I did and still do have some pretty heavy cognitive dissonance about Downey’s performance and its lofty praise. On one hand, it was clear from watching that South Carolina could barely be described as a basketball team for the two minutes that Downey wasn’t on the court. They were terrible without him. On the other hand, Downey’s 9-29 effort did contribute mightily to the team’s 34.4% shooting for the game. It’s hard to argue that shooting 31% on 29 shots is helping your team, no matter how incompetent your teammates might be. I still don’t know what to make of this conflict in analysis. Read the rest of this entry »

Jimmy Dykes Completes Journey To His Inevitable Fate, Is Totally Wrong

March 25, 2009

First, Jimmy Dykes whined about the lack of national respect given to Southeastern Conference basketball. He called us crazy if we truly believed that the basketball teams in the 2008-2009 SEC were generally inferior to those in the other major conferences. Based on nothing but regionalism and selective memory, he assured us that teams like Tennessee, Florida, Kentucky, LSU and even Arkansas could compete with any team in the more highly-touted conferences. “Just you wait and see,” he said.

Time passed, and college basketball somehow managed to survive without any nationally ranked SEC teams. Unquestionably driven to his wits’ end by this inconceivable development, he promised us that five SEC teams would make the NCAA tournament – three from the SEC East, one from the SEC West, and a fifth from some magical faraway division. It was not the prediction itself that was ridiculous (at the time, it wasn’t), but the total lack of justification for making such an assertion. His guarantee wasn’t born of the careful merging of subjective (scouting) and objective (data) analysis, but of unprovoked defensiveness and regional bias. Dykes’ statement read less like useful insight and more like propaganda issued by a desperate leader as his regime is about to fall. Sure enough, three SEC teams made the NCAA tournament, including one that never would have been considered if not for winning the conference tournament.

Then, the coup de grace. In the same broadcast, Dykes claimed that not only would these five unnamed SEC teams make the NCAA tournament, but they would also thrive. Perpetually walking the line between self-assured and vague, he told us to wait and see how many SEC teams made it past that first weekend into the Sweet 16. Because – and this is a direct quote – “that’s how you really tell what the good teams are.” Read the rest of this entry »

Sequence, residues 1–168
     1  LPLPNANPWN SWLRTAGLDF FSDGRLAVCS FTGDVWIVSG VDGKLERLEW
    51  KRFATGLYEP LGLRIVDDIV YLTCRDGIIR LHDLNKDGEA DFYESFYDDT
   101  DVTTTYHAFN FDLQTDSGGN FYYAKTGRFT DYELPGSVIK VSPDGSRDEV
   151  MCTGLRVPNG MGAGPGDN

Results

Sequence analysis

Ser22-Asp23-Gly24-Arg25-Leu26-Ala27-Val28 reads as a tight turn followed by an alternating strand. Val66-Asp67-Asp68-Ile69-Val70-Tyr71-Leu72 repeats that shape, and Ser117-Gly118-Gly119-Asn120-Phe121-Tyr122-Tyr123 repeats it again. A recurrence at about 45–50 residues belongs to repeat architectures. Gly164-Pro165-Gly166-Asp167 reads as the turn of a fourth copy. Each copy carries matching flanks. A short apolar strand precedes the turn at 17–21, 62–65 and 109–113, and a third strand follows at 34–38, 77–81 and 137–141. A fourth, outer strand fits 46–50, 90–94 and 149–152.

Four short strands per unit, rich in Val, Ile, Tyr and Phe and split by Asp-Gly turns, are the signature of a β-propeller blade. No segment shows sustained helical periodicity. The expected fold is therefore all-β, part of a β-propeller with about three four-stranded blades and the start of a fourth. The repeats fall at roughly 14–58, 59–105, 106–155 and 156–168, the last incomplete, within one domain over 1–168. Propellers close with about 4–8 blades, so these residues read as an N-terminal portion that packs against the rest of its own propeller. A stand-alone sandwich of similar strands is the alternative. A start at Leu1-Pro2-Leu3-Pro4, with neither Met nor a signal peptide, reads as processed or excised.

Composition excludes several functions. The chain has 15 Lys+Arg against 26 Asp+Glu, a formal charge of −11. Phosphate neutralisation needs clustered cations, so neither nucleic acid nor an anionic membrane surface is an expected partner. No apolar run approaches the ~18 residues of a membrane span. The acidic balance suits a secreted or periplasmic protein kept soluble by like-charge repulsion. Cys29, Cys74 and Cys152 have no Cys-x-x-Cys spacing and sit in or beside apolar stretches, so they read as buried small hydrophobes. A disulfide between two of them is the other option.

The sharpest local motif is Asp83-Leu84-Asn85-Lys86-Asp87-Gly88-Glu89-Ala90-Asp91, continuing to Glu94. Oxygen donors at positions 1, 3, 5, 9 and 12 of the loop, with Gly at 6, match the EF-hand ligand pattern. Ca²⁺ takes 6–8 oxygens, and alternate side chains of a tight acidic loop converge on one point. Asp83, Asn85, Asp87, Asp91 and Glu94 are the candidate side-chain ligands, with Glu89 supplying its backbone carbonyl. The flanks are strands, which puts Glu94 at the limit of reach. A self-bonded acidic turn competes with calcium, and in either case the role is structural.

Jimmy Dykes Is Half-Way To Totally Wrong

March 16, 2009


Staggeringly wrong about the SEC, but you'll never hear him admit it.

Staggeringly wrong about the SEC, but you'll never hear him admit it.

As you may know, ESPN college basketball analyst Jimmy Dykes’ continual vouching for the quality of the SEC has been a small but interesting story this season. Both his crusade and my coverage of it began in late January. Dykes disputed the absence of ranked SEC teams, and went on to confuse this very understandable omission with a lack of respect. I concluded that his outcry was unwarranted since only Kentucky was even remotely deserving of a ranking. A few weeks later, inspired by another Dykes-authored defense of the SEC, I checked in with the teams that he had previously described as competitive by any standard. Even with a bigger sample size, the conference appeared to have just three teams worthy of any consideration for a national ranking, and even that was a stretch. Dykes’ impassioned touting of the SEC remained without much credibility.

Shortly after this check-in, Dykes made his most declarative statement regarding the maligned conference. He predicted – in no uncertain terms – that the SEC would get five teams into the NCAA tournament. Specifically, he predicted that the SEC East would get three teams in, the West one, and a fifth would sneak in there from some undisclosed location. I was both deeply skeptical of this prediction and irritated by Dykes’ utter lack of explanation as to his thinking. I promised to return in March and see how his forecast fared. Well, it’s March. Read the rest of this entry »

Gerald Henderson Deserves More Credit For His Shooting Ability

March 9, 2009